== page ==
image2 27.04.2021

Ecotourism in Chernobyl-affected areas: new local business and green growth opportunities

Slaŭharad District is one of the Belarusian provinces that suffered the most after the Chernobyl Disaster. Some areas within the district were depopulated. No more than 70 persons live there now. In spite of that, the district may boast of a strong tourism potential, alluring travellers and pilgrims.   

The natural spring of Blakintaja Krynica (“The Blue Spring”) is a site of religious pilgrimage and a signature tourist attraction for large number of people from across Belarus, as well as from Russia, Ukraine, Poland, Lithuania and Latvia. Water never freezes here, it is always of the same temperature, and it is surprisingly translucent, with a deep sky-blue tint. It is also an ecological gem of the Slaŭharad Reserve, a home for some endangered species of flora and fauna. Blakintaja Krynica is of five springs in Belarus that enjoy the status of a national natural monument.


A convenient infrastructure has been built around the source, which makes anyone’s visit to the source both comfortable and pleasurable. One can pick up some medicinal water, believers say; though it is also worth tasting some of the craft home cheeses from Slaŭharad cheesemakers, and fresh honey from the local beekeepers, buy some souvenirs hand-made by the local artisans.

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One can hardly imagine that it has not always been like that there. A few years ago, the infrastructure simply did not exist, while the permanently increasing presence of people at Blakintaja Krynica could have actually threatened the loss of the spring.


At first, the idea was to preserve the spring, since up to 100,000 people pass through it every year”, - says Vitaly Varabiey, Manager of Vozrozhdenie-Agro, a local foundation for the development of rural areas. 

The foundation launched its area preservation and development operations five years ago with support from UNDP, the European Union and GEF. Since then, three projects have been implemented resulting in the spring area zoning, which enables tourist flow management while preserving the natural treasure and bringing comfort to the visitors. Moreover, now it has a shopping street for artisans, beekeepers, cheesemakers and farmers, which provides a strong driver for the development of small and medium-sized businesses, creation of new jobs.

The ecological initiative “Specially Protected Natural Territories as a Resource for Ecological Education” is in operation at Blakintaja Krynica.  The initiative covers more issues that simple construction and improvement of infrastructure for the purposes of ecotourism and biodiversity. It helps train the reserve staff: the Slaŭharad Reserve is rather young; therefore, it is essential for its personnel to acquire expertise and learn about the best practices of their colleagues. Another component is the development of ecological education in schools throughout the district. It is worth mentioning that the component started with three ‘green’ schools, while now, owing to the growing interest, ecological education is provided in five schools.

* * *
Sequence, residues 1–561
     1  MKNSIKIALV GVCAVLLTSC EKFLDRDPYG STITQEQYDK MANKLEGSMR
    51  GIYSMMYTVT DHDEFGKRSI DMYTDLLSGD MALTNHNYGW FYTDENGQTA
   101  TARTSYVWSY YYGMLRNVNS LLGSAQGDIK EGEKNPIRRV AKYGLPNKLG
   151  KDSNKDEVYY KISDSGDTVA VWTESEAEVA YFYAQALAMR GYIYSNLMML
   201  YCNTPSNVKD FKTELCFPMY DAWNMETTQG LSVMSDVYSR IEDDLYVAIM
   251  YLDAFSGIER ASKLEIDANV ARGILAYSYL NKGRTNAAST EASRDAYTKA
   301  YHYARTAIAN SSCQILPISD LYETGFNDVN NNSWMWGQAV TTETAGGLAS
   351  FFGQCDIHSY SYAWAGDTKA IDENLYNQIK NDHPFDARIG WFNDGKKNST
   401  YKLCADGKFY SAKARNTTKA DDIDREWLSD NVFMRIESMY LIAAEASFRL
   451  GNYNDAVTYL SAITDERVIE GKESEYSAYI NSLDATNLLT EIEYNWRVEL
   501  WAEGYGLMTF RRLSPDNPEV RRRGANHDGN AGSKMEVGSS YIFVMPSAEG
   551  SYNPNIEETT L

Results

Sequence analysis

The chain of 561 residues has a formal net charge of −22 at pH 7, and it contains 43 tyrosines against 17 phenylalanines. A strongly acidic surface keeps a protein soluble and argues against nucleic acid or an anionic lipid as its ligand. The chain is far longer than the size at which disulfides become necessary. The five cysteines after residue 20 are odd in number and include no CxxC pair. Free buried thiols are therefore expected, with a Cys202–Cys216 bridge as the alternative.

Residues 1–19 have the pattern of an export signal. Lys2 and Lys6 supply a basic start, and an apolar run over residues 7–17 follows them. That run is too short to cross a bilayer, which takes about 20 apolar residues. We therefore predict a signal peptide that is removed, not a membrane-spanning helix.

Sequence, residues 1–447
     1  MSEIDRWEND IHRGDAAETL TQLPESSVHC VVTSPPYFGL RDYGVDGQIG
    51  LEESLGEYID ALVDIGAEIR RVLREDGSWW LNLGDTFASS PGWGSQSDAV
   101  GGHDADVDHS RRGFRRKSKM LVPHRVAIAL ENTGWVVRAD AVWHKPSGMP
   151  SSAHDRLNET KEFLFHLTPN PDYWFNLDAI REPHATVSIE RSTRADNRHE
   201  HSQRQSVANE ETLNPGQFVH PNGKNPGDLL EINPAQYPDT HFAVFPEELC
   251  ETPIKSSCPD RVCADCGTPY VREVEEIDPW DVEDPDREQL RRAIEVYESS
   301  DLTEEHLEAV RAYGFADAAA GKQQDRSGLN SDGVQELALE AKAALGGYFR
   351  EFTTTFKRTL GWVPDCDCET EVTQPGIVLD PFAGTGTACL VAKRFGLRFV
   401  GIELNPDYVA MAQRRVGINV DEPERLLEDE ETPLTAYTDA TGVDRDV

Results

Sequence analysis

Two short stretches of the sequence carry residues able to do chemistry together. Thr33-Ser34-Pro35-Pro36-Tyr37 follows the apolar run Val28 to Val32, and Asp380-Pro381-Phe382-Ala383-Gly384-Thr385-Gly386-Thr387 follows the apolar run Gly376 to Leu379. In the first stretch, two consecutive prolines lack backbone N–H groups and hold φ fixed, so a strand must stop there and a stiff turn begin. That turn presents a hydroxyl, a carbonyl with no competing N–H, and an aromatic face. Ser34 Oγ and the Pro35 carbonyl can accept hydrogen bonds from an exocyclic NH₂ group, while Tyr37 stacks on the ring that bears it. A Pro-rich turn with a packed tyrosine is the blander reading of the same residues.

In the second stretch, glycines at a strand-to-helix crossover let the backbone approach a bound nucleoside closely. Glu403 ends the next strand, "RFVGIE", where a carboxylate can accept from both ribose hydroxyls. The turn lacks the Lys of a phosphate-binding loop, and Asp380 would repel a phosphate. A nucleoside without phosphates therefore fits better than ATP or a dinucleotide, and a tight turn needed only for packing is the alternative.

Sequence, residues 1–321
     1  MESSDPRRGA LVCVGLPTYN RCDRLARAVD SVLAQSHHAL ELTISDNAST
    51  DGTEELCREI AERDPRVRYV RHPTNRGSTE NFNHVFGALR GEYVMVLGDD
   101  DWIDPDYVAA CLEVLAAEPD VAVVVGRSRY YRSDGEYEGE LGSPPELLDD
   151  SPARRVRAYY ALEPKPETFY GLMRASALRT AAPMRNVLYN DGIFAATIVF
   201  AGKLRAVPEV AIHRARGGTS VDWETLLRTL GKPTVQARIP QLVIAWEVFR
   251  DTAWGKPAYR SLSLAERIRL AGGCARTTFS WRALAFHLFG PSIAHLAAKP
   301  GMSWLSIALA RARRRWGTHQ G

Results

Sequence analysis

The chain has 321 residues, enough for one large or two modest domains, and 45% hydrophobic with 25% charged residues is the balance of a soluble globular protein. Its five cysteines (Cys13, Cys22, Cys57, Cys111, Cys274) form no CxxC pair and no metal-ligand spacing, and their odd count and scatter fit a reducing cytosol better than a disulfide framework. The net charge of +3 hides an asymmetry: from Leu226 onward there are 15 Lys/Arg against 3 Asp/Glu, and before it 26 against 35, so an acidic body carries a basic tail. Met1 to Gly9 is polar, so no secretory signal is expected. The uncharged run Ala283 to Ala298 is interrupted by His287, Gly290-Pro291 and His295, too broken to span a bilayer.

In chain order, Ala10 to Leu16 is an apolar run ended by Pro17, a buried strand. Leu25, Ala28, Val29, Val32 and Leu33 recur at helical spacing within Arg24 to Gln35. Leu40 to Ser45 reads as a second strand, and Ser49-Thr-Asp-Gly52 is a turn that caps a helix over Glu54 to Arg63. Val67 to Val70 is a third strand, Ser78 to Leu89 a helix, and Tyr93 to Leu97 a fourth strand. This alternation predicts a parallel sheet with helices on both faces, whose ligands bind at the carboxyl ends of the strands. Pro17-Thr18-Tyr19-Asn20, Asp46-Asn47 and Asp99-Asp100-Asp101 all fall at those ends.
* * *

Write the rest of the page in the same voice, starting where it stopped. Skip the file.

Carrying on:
“The schools have developed the curricula, and they have created their ecological classrooms. Ecological education is essential to show the children that we have such a territory, such a reserve, what animals, birds, plants we have, since there are 124 bird species in our reserve alone”, – comments Vitaly. By the way, the green school students have their classes and eco-events in the reserve area, as well.


Bringing in and implementing such projects in the Chernobyl-affected areas is really important, as they give a start to development in all areas – tourism, ecology, social entrepreneurship. In other words, we are trying to bring new life to this territory through such projects”, - notes Vitaly.

Vozrozhdenie-Agro (the local foundation for the development of rural areas) and Slaŭharad Reserve plan to keep developing the spring and reserve sites, bringing in more investments and creating comfortable conditions for the visitors, while expanding economic opportunities for the local residents.

I feel that I am doing something good, and it makes me feel satisfied,” – concludes Vitaly.

*The project “Civic Engagement in Environmental Monitoring and Improving Environmental Management at the Local Level” is financed by the European Union and implemented by UNDP in partnership with the Ministry of Natural Resources and Environmental Protection of Belarus. 

Blakintaja Krynica – a source of revival

Blakintaja Krynica, the unique natural hydrological monument, helps the Chernobyl-affected Slaŭharad District turn into a centre of ecotourism, cultural heritage and ecological upbringing of young people.

Photography: Sergei Gapon for UNDP Belarus